“We’ve raised millions of dol­lars — it’s unheard of to raise the amount we needed,” explained Coconino County Supervisor Liz Archuleta. “The restoration plan we presented was innovative, and people wanted to help.”

The county initially spent around $10 million to fight the Schultz fire and an additional $30 million on mitigation. “One of the key messages from our experi­ence is that there’s a cost after the fires that isn’t always considered,” Andreani said. “In this case, it was triple what it was to fight the fire.” What’s more, in a study of the full cost of the fire, the Ecological Restoration Institute at Northern Arizona University estimated that the true total cost was between $133 million and $147 million — a large portion of which was due to the devaluation of properties in the flood zone.

Another key takeaway is that the area’s fire and flood risk has decreased dramatically.

“Water has not overwhelmed the measures we’ve put in place,” Archuleta explained. “We’re protecting people’s lives, and we’re also protecting county infra­structure. Rather than spending millions of dollars on road cleanup every year, we looked long-term. We won’t constantly have to do road maintenance after floods.”

What’s more, she added, the county does not have to mobilize massive resources every time the area experiences heavy rain. Of­ficials can monitor the situation, but there has been no flood runoff from the watershed area.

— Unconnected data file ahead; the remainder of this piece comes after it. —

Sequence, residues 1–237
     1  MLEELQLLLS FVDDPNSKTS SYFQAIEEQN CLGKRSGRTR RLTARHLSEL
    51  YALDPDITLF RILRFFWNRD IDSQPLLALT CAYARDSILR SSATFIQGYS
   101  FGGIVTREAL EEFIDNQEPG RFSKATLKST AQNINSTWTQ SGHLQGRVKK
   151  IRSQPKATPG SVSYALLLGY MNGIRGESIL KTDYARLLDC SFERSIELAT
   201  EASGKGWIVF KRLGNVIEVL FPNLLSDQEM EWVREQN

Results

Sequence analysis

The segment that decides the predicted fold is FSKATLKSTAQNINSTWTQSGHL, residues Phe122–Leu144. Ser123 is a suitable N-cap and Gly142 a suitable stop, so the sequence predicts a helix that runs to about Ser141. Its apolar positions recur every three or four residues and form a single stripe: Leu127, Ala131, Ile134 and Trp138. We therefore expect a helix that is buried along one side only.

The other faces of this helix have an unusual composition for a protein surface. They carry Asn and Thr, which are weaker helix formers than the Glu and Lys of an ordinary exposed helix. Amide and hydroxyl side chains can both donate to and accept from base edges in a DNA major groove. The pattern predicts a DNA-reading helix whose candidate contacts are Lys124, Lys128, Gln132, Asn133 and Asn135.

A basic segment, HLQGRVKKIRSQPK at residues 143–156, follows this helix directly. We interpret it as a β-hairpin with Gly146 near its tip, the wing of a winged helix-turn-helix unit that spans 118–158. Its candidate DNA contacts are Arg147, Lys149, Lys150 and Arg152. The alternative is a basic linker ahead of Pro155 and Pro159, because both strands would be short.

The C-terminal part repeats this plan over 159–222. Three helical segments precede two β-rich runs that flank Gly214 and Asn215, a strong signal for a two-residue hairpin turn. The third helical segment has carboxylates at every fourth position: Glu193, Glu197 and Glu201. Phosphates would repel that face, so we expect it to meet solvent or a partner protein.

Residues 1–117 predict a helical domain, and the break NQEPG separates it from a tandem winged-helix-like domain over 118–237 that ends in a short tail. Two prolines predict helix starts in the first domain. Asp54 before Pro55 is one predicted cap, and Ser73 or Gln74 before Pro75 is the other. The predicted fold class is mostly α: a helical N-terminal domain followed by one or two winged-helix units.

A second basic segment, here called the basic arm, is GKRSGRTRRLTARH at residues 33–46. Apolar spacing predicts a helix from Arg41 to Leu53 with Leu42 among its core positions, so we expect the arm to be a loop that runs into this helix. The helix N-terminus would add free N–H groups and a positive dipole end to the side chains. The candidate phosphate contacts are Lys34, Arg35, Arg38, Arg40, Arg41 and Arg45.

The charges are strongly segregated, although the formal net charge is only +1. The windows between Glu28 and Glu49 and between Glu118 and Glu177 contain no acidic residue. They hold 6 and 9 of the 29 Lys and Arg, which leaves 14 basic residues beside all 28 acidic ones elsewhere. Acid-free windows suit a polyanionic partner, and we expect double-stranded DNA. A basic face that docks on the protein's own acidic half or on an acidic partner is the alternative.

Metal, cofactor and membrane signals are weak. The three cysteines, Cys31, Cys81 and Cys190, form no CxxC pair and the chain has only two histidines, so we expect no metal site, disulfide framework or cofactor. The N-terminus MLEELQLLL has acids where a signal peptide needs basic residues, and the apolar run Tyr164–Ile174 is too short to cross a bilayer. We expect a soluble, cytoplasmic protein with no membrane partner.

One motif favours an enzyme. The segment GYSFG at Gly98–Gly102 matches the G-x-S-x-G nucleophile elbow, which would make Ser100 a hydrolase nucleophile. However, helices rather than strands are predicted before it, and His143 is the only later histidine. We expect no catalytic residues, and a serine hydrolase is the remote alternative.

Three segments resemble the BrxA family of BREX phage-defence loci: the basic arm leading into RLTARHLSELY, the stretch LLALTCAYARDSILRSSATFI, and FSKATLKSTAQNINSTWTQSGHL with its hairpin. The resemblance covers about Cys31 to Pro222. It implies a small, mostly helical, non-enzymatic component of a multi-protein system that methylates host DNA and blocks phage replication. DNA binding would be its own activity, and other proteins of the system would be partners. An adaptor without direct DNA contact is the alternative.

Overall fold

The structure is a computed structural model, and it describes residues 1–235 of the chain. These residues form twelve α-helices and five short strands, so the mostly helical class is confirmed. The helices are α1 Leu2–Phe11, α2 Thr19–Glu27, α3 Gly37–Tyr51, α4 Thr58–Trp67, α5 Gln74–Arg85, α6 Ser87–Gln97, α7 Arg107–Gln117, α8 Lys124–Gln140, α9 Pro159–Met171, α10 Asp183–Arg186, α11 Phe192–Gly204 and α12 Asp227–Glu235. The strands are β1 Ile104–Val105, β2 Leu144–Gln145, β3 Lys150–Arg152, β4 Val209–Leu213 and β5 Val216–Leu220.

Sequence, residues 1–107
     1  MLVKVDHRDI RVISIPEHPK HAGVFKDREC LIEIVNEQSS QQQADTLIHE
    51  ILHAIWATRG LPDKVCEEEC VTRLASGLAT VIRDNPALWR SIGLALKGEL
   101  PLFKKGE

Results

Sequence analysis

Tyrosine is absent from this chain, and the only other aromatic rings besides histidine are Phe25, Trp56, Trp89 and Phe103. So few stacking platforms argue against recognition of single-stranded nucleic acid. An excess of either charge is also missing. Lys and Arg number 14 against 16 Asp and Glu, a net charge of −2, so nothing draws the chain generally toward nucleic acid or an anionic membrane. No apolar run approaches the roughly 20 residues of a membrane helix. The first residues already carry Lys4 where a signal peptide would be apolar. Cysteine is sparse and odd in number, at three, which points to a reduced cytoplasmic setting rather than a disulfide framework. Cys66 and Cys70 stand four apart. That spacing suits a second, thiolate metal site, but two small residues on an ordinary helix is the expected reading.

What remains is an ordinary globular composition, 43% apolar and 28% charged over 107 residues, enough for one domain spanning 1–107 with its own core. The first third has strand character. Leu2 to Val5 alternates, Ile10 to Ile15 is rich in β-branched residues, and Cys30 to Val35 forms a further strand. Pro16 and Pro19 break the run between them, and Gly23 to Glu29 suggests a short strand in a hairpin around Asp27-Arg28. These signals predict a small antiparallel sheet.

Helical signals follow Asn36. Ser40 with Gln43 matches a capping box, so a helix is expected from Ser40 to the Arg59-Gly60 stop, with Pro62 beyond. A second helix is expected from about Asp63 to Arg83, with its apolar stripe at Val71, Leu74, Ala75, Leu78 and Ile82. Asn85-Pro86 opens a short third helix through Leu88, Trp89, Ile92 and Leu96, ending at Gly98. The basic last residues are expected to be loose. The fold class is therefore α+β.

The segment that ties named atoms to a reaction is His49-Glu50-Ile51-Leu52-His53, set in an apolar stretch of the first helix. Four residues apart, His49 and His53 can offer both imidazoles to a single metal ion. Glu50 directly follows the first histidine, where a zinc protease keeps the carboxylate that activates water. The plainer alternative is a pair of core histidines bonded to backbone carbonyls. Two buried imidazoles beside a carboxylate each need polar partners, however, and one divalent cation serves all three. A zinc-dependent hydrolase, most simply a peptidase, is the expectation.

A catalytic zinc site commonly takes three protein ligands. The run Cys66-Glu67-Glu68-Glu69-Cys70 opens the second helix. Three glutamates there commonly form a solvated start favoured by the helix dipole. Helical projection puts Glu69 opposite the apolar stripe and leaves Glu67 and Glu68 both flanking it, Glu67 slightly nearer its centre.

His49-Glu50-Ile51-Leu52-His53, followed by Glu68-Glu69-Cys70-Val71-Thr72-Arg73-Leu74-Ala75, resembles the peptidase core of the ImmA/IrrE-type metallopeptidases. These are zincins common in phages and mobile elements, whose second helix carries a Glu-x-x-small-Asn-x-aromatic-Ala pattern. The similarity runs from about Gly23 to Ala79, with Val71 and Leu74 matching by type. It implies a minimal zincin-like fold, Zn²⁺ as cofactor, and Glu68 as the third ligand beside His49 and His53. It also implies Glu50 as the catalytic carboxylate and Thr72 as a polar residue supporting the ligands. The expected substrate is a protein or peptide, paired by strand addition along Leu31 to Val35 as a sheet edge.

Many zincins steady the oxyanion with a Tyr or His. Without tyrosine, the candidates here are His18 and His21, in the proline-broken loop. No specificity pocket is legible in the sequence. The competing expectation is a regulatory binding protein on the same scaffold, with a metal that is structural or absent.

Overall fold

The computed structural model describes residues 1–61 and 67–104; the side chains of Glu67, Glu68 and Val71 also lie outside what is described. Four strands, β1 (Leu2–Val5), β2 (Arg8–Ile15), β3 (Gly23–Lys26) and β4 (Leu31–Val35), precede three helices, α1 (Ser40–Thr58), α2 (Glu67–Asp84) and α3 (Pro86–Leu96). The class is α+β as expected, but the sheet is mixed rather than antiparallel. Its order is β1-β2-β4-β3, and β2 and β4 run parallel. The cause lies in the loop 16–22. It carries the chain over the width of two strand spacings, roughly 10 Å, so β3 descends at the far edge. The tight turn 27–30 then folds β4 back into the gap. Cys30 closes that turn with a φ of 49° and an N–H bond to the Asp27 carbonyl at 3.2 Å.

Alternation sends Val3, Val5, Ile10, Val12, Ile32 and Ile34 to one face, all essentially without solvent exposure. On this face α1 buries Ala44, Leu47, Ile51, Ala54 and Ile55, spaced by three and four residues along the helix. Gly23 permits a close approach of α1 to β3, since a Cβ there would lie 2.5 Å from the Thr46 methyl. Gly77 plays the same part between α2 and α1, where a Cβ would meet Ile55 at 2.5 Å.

Coconino’s project has had wider-reaching effects as well, helping to promote environmental protection in other communities. The county seat of Flagstaff, after seeing Coconino County’s success, passed a ballot measure two years after the Schultz Fire to raise money for its own forest health projects.

“If the same thing had hap­pened in Flagstaff,” Archuleta said, “the impact would have been over $1 billion because there’s so much more development than in Coconino County.

“Their ballot passed with about 75 percent of the vote.”

Share
Line:

@NACoTweets: The damage caused by wildfires continues long after they have been extinguished.

Tagged In:

Attachments

Related News

Volunteers move a boulder near the Pacific Crest Trail under the supervision of U.S. Forest Service personnel as depicted in a photo that received honorable mention in the 2020 Pacific Crest Trail Association photo contest. Photo by Mark de Hoo
County News

Outdoor recreation shows viability in public lands counties

There are a lot of people, and a lot of business opportunities, coming into public lands counties for recreation.

Field at sunset
Advocacy

House, Senate Agriculture Committees release frameworks for 2024 Farm Bill Reauthorization

After months of negotiations and gridlock, lawmakers on the House and Senate Agriculture Committees have released competing frameworks for the 2024 Farm Bill.

The 2024-2025 Western Interstate Region Executive Committee: Second Vice President Dwayne McFall, a Fremont County, Colo. commissioner; First Vice President John Peters, a Mono County, Calif. supervisor; President Wes McCart, a Stevens County, Wash. commissioner and Immediate Past President John Espy, a Carbon County, Wyo, commissioner. Photo by Amber Edwards
County News

Mariposa County finds third time’s a charm for WIR

The Western Interstate Region made up for lost time during its conference in Mariposa County, Calif., welcoming the state of Nebraska and addressing pressing issues for public lands counties.